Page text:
Very few rodents rate as high on the cuteness scale as the long-eared jerboa. Found in the deserts of Mongolia and China this species relies on its incredible jumping abilities to dodge birds of prey and other predators when it’s out foraging. Jerboas can also rapidly hop sideways to fake out and confuse their predators. The exact reason behind the jerboa’s endangered status isn’t entirely understood, but it has been suggested that it is due to habitat disturbance from mining activities, agriculture, and possibly climate change. The introduction of the domestic cat has put further pressure on this mammal – a good reminder to all of us to keep pet cats indoors whenever possible! Photo taken @moscow_zoo_official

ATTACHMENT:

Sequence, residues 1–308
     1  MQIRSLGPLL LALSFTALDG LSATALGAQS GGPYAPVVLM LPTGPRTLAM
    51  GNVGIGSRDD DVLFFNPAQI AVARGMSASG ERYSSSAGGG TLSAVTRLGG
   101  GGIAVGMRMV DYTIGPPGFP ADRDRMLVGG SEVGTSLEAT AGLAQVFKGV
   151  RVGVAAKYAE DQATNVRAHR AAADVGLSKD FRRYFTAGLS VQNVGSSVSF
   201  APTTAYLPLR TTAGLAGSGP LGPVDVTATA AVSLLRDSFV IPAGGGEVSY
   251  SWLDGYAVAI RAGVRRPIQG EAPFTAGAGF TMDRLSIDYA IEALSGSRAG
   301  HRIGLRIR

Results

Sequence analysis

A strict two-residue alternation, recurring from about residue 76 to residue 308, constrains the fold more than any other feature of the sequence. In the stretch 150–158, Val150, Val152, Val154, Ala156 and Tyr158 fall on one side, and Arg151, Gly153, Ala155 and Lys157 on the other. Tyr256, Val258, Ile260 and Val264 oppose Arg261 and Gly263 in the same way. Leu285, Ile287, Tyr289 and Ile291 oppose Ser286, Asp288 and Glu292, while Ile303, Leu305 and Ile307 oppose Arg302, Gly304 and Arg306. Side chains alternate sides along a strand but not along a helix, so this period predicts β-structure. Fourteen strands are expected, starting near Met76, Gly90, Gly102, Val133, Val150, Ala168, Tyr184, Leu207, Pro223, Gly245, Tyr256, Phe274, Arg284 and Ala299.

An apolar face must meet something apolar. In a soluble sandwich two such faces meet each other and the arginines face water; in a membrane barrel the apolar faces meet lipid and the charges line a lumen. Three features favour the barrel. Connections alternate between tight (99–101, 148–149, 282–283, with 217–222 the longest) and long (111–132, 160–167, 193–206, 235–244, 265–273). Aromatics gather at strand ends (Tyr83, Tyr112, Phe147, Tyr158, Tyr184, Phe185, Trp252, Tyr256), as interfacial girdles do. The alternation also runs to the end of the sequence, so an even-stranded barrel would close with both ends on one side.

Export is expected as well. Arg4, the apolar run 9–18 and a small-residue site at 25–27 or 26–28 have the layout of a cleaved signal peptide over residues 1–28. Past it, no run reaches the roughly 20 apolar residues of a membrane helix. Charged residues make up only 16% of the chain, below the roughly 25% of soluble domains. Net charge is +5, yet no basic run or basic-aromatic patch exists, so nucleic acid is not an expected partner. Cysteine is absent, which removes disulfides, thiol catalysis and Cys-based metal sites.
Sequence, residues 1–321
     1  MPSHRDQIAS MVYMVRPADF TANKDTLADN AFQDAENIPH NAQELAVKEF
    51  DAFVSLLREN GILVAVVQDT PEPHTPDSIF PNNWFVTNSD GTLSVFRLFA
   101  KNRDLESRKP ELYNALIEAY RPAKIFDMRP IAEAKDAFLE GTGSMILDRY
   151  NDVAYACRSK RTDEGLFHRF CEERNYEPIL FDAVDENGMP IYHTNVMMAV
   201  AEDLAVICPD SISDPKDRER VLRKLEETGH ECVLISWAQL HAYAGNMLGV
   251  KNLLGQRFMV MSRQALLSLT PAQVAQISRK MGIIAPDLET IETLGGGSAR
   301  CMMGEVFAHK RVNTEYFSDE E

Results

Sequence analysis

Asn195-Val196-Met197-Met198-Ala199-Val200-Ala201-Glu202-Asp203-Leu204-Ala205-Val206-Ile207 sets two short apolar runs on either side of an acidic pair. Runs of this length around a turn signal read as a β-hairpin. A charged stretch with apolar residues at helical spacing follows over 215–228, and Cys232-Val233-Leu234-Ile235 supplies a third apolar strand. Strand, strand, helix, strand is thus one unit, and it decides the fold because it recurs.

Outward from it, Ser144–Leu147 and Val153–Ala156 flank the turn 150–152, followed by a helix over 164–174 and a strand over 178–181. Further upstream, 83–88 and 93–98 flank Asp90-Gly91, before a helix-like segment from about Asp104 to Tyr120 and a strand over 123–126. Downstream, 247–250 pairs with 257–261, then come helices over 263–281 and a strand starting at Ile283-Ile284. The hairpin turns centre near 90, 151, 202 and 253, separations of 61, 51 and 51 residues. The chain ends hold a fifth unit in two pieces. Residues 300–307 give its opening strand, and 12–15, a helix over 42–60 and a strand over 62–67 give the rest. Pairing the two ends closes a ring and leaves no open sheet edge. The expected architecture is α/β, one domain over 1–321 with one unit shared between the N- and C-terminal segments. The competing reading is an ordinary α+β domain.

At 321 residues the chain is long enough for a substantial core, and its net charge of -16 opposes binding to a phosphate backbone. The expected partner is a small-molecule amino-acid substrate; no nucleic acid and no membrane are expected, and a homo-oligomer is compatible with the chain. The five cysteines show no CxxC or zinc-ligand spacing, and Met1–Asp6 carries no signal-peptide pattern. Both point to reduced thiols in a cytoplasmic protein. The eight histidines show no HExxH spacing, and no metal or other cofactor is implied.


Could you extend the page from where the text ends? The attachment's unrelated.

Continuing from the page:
It would be easy to mistake this spotted goblin for a rock on the bottom of the ocean floor. As it turns out, that is exactly what nature intended – the spotted goblin’s body color is very similar to that of the surrounding sandy or coral seabed in which they are found serving as a form of natural camouflage. This species of fish is nocturnal and typically lies partially buried on the sea floor during the day, covering itself with sand and other debris making it virtually invisible to any other species in the same area. On the off chance the spotted goblin is disturbed, it will fan out its brilliantly colored fins as a warning to scuba divers and potential predators. There are no known threats directly impacting this species, but efforts to keep our oceans clean can only help to further secure the future of this extraordinary fish. Photo taken @aquariumdenver